Researchers led by geneticist Sarah Tishkoff from the University of Pennsylvania have sequenced the genomes from three different African ethnic groups. Among other things, they found that humans apparently acquired some genetic sequences from other ancient cousin branches of the human family. As the Washington Post reported:
"Geneticists like euphemisms, but we're talking about sex," said Joshua Akey of the University of Washington in Seattle, whose lab identified the mystery DNA in three groups of modern Africans.
Specifically, novel sequences found in the genomes of modern Africans are apparently DNA from a hominin species that diverged from our species' direct line 1.2 million years ago. However, their paleo-great grandchildren evidently enjoyed each other's company sometime around 50,000 years ago. From the Post:
The find offers more evidence that for thousands of years, modern-looking humans shared the Earth with evolutionary cousins that later died out. And whenever the groups met, whether in Africa or Europe, they did what came naturally — they bred. In fact, hominid hanky-panky seems to have occurred wherever humans met others who looked kind of like them — a controversial idea until recently.
In 2010, researchers from the Max Planck Institute for Evolutionary Anthropology in Germany announced finding Neanderthal DNA in the genomes of modern Europeans.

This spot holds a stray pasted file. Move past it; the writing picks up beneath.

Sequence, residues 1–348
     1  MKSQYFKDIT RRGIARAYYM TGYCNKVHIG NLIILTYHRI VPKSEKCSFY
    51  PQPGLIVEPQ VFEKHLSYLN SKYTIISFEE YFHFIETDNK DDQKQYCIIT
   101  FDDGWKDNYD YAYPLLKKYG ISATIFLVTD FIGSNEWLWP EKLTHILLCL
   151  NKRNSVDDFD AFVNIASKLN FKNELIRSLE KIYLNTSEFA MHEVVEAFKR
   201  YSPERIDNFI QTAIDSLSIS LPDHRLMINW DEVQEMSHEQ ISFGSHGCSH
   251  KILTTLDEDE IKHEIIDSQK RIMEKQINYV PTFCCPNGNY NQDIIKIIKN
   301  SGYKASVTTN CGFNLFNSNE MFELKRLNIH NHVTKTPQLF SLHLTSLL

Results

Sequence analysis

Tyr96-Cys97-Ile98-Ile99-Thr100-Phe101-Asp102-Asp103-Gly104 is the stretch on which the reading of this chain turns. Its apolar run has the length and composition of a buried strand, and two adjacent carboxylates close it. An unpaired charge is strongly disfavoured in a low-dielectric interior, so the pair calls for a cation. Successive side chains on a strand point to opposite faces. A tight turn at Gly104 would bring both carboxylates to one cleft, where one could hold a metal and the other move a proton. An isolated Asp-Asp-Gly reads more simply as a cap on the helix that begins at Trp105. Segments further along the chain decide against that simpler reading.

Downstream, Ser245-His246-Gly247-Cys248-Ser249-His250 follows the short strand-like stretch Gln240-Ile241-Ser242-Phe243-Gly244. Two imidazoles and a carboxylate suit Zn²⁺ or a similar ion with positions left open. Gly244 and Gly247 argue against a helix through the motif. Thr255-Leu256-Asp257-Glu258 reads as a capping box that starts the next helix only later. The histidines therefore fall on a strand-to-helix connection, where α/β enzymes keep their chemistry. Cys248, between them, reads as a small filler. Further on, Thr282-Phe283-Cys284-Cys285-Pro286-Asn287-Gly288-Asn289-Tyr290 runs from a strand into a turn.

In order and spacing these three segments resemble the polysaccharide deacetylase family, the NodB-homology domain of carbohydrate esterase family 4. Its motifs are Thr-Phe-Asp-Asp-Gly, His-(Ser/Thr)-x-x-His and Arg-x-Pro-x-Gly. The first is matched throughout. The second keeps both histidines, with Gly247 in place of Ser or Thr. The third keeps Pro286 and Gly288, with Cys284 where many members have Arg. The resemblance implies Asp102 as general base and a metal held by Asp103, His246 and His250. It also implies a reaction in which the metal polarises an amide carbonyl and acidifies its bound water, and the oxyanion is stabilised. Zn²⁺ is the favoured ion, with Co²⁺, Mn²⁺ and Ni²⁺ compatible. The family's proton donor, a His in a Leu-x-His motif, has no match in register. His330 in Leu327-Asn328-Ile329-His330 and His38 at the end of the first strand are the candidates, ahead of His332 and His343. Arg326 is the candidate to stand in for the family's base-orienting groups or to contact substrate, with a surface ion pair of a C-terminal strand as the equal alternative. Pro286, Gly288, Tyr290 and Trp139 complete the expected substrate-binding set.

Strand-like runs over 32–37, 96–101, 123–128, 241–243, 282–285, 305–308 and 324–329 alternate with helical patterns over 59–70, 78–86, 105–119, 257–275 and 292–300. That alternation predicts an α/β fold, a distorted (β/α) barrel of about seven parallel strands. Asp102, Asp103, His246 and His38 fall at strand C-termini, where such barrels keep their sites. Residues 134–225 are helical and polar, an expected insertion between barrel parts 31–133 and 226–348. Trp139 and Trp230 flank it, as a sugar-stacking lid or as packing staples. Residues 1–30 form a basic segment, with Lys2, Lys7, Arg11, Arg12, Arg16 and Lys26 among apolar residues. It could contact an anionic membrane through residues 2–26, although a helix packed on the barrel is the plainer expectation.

Barrel-chested people whose thick double brows, broad noses and flat faces set them apart from modern humans, Neanderthals disappeared about 25,000 or 30,000 years ago.
Another mysterious group of extinct people recently identified from a 30,000-year-old finger bone in Siberia — known as the Denisovans — also left some of their DNA in modern-day Pacific Islanders.
And while modern humans and the newly found "archaic" Africans might be classified as distinct species, they produced viable offspring.
A study published in PLoS Genetics on July 19 makes estimates of the admixture of genes derived from interbreeding:
Overall, these genomic analyses of admixture suggest that 1%–3% of the genome of all Eurasians and native Amerindians is of Neanderthal origin, and that Papua New Guineans and Australians have another 3.5% of their genome of Denisovan origin.
The newly identified archaic sequences make up about 2.5 percent of the genomes of modern Africans.
Disclosure: My buddy Princeton University biologist Lee Silver has combed through my genotype screening information and could not find any Neanderthal DNA. However, my critics assure me that it's there.